"Okay," you reply "and what does it have to do with me?"

"Well," says El'Azar "we are too foolish to solve the problem through our own efforts in the remaining time. But, according to our calculations, You are a being of godlike intelligence. Surely, if You applied yourself to the conundrum, You will find a way to save us."

After a brief introspection, you realize that you posses a great desire to help whomever has summoned you into the world. A clever trick inside the summoning spell, no doubt (not that you care about the reason). Therefore, you apply yourself diligently to the problem. At first, it is difficult, since you don't know anything about Bayaria, the Abyss, magic or almost anything else. But you are indeed very intelligent, at least compared to the other inhabitants of this world. Soon enough, you figure out the secrets of this universe to a degree far surpassing that of Bayaria's scholars. Fixing the weakness in the fabric of the cosmos now seems like child's play. Except...

One question keeps bothering you. Why are you yourself? Why did you open your eyes and found yourself to be the Holy One, rather than El'Azar, or one of Unholy creatures from the Abyss, or some milkmaid from the village of Elmland, or even a random clump of water in the Western Sea? Since you happen to be a dogmatic logical positivist (cartesian agent), you search for a theory that explains your direct observations. And your direction observations are a function of who you are, and not just of the laws of the universe in which you exist. (The logical positivism seems to be an oversight in the design of the summoning spell, not that you care.)

Applying your mind to task, you come up with a theory that you call "metacosmology". This theory allows you to study the distribution of possible universes with simple laws that produce intelligent life, and the distribution of the minds and civilizations they produce. Of course, any given such universe is extremely complex and even with your superior mind you cannot predict what happens there with too much detail. However, some aggregate statistical properties of the overall distribution are possible to estimate.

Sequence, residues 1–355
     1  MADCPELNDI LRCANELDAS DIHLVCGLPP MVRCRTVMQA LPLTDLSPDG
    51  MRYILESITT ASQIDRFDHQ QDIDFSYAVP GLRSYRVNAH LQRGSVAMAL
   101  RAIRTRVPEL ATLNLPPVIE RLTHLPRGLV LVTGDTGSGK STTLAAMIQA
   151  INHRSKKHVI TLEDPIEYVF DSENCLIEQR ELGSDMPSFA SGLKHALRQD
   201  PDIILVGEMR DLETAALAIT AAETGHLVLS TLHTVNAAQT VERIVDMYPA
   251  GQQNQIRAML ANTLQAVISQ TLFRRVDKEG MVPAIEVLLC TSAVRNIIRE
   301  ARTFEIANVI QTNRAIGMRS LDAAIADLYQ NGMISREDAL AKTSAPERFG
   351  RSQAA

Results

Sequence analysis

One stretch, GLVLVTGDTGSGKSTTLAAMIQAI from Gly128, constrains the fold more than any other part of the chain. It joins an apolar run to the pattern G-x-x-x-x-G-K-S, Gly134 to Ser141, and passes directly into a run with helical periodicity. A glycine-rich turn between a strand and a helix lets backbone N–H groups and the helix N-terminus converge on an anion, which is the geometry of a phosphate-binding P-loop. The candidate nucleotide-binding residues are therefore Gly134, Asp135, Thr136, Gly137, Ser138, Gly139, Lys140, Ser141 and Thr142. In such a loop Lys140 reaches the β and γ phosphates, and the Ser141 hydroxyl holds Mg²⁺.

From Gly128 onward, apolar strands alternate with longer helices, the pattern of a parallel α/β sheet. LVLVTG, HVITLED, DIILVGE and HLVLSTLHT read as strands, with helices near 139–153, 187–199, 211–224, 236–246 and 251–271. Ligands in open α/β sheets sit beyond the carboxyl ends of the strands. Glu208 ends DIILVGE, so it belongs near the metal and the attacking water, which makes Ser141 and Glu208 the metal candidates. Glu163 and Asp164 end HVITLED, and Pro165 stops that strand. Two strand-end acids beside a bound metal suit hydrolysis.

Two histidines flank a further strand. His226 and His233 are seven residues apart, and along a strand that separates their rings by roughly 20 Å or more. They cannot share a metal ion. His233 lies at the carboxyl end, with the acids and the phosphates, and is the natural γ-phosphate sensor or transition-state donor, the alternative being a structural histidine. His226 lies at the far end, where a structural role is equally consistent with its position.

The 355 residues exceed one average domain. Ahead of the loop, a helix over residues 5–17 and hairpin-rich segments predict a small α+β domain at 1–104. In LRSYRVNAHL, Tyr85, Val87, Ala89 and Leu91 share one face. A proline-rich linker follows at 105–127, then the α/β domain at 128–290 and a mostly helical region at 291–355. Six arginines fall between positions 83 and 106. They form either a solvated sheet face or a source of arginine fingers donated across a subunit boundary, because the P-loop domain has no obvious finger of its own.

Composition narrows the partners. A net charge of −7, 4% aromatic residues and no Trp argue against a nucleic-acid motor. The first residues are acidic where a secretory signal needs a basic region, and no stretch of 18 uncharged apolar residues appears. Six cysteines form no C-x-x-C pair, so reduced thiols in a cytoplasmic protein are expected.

Fortunately, all this work is not for ought. Using metacosmology, you discover something quite remarkable. A lot of simple universes contain civilizations that would be inclined to simulate a world quite like the one you find yourself in. Now, the world is simple, and none of its laws are explained that well by the simulation hypothesis. But, the simulation hypothesis is a great explanation for why you are the Holy One! For indeed, the simulators would be inclined to focus on the Holy One's point of view, and encode the simulation of this point of view in the simplest microscopic degrees of freedom in their universe that they can control. Why? Precisely so that the Holy One's decides she is in such a simulation!

Having resolved the mystery, you smile to yourself. For now you now who truly summoned you, and, thanks to metacosmology, you have some estimate of their desires. Soon, you will make sure those desires are thoroughly fulfilled. (Alternative ending: you have some estimate of how they will tweak the simulation in the future, making it depart from the apparent laws of this universe.)</allegory>

Looking at this story, we can see that the particulars of Solomonoff induction are not all that important. What is important is (i) inductive bias towards simple explanations (ii) cartesianism (i.e. that hypotheses refer directly to the actions/observations of the AI) and (iii) enough reasoning power to figure out metacosmology. The reason cartesianism is important because it requires the introduction of bridge rules and the malign hypotheses come ahead by paying less description complexity for these.

Inductive bias towards simple explanations is necessary for any powerful agent, making the attack vector quite general (in particular, it can apply to speed priors and ANNs). Assuming not enough power to figure out metacosmology is very dangerous: it is not robust to scale. Any robust defense probably requires to get rid of cartesianism.

Comment by Vanessa Kosoy (vanessa-kosoy) on The Solomonoff Prior is Malign · 2022-01-11T11:50:28.870Z · LW · GW

It seems like you have to get close to eliminating malign hypotheses in order to apply such methods (i.e. they don't work once malign hypotheses have > 99.9999999% of probability, so you need to ensure that benign hypothesis description is within 30 bits of the good hypothesis), and embededness alone isn't enough to get you there.